[Editor's note: Okay, it's just me. The Bitter One. I don't have an editor. Rather, I am the editor, which isn't always good news. But at least I always know where to find her. Usually, in the kitchen sobbing over an empty brownie pan. But I digress.
I'm not sure if I should have closed that bracket and then opened up a new one for this paragraph. I guess not, but it looks kind of weird like this. Just go ahead and assume this is all part of one big, long, bracketed message. Thank you.
No, this is looking too weird. Oh. Duh. I should put this whole thing in italics. Brb.
Where was I?
Right. Okay. I'm used to people not liking what I write. I'm even used to having mixed feelings about some of my own writing. But I'm not used to feeling distinctly uneasy after posting something, and then having someone whose opinion I care about confirm my own belief that I did indeed mess up.
Specifically, I didn't make it clear enough that I was talking about (and to) people who hold misguided ideas about homeschoolers and homeschooling. Not all civilians do. Maybe not even most. The whole point of this posting is that we shouldn't judge a group by a single characteristic. Insert irony music here.
Separate issue, and one that this person did not bring up but that's been bothering me -- some seriously harsh language, or as one reader put it, "Holy sentence enhancers!"
First things first.
When I got the message from this friend, my first impulse was to insist to myself that this person just must not have "gotten it." Because, you know, how could I possibly be wrong about anything ever?
Then I reread the posting, and oh, yeah. I blew it.
I was embarrassed and troubled enough by this to want to just take the posting down. But that would mean losing the comments people had posted -- some of which were very good, and at least one of which was better than my own posting -- or at least losing the context, if I just deleted my writing and put up a "Space For Rent" sign. Or if I completely rewrote the piece. Which I'm actually going to go ahead and do in another posting. I want to tackle this subject again from a different angle, because I just don't feel done with it. But I think that this particular perspective has its own value, with a little judicious editing.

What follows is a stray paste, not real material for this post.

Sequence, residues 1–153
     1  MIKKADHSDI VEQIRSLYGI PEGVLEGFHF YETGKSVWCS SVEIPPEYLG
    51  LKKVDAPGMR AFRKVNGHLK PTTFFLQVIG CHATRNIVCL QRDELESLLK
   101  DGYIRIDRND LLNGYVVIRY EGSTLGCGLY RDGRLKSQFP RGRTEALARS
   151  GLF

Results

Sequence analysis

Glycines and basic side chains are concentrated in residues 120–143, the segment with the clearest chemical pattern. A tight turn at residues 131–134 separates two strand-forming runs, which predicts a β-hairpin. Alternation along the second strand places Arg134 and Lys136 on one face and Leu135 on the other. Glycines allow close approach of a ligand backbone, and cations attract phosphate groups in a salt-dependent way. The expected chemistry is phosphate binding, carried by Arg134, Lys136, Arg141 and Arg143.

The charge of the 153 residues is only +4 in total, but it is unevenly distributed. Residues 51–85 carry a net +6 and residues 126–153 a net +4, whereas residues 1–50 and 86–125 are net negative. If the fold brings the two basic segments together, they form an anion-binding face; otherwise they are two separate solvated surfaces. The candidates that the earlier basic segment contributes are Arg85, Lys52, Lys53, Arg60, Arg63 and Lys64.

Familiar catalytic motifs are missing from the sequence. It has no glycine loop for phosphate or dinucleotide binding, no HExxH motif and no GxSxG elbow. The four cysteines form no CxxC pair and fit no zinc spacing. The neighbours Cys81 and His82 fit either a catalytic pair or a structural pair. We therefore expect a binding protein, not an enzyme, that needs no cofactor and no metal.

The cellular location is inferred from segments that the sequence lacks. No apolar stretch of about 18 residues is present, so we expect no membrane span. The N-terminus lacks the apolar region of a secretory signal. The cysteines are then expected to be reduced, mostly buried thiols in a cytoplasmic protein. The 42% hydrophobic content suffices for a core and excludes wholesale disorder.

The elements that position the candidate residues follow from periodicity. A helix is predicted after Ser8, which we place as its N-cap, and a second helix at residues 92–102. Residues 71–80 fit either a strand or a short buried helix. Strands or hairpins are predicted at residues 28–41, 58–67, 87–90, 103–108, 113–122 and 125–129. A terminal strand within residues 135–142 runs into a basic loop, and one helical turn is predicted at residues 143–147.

I also could have just gone ahead and done a silent rewrite, but I really wanted to point out what I was doing and why. Not as a big fat ego trip, but because the whole point of blogging is the conversation with readers. And this is part of that conversation.
As for the language issue -- people really liked my use of "bollocks," which is a great word because it's almost swearing but not quite, plus it's hilariously British and they do everything better than us, at least language-wise. "Ass-clown" also went over well. I'm keeping that, because it is swearing but it's pretty mild as swearing goes and I stole it from Iron Man 2. Yes, I worship at the altar of Robert Downey, Junior. You needed to know that. [Editor's other note: Not really.]
The other “bad words”: I didn’t get any complaints about them, at least not in the comments here or in my personal email. And there weren’t a lot of said words. But I find it distasteful even when I blurt that kind of stuff out at idiots in traffic. (The window’s shut. I’m not that bad. Mostly.) So I don’t really feel like leaving that kind of Shinola in print. It’s not even a case of “I wouldn’t want my child talking like that, so I’m not going to.” If anything, it’s the other way around. My son hates it when I swear. He didn’t say anything when he read this, other than liking my comment about owing the cuss jar four thousand dollars, but he really wishes I’d cut it out. And he’s important to me. He’s going to have to live with “ass-clown,” but I’m cleaning up the rest of it. And if “bollocks” turns out to be actual profanity in England, well, nobody told me.